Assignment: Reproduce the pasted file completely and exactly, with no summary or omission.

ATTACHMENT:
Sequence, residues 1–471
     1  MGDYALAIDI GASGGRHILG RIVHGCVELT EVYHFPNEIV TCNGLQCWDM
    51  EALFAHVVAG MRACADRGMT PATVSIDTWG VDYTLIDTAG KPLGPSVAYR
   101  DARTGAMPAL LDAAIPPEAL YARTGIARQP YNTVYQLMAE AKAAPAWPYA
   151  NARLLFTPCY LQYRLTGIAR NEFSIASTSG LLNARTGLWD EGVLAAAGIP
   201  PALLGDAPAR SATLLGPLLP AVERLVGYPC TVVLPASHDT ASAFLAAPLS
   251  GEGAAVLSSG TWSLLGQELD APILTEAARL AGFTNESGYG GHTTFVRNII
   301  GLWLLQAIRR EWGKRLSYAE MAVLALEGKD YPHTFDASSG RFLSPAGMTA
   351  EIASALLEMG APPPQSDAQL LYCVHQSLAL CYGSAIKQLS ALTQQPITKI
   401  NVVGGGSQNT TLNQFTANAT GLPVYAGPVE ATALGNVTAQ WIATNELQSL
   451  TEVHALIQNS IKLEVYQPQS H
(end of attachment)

Sequence, residues 1–471
     1  MGDYALAIDI GASGGRHILG RIVHGCVELT EVYHFPNEIV TCNGLQCWDM
    51  EALFAHVVAG MRACADRGMT PATVSIDTWG VDYTLIDTAG KPLGPSVAYR
   101  DARTGAMPAL LDAAIPPEAL YARTGIARQP YNTVYQLMAE AKAAPAWPYA
   151  NARLLFTPCY LQYRLTGIAR NEFSIASTSG LLNARTGLWD EGVLAAAGIP
   201  PALLGDAPAR SATLLGPLLP AVERLVGYPC TVVLPASHDT ASAFLAAPLS
   251  GEGAAVLSSG TWSLLGQELD APILTEAARL AGFTNESGYG GHTTFVRNII
   301  GLWLLQAIRR EWGKRLSYAE MAVLALEGKD YPHTFDASSG RFLSPAGMTA
   351  EIASALLEMG APPPQSDAQL LYCVHQSLAL CYGSAIKQLS ALTQQPITKI
   401  NVVGGGSQNT TLNQFTANAT GLPVYAGPVE ATALGNVTAQ WIATNELQSL
   451  TEVHALIQNS IKLEVYQPQS H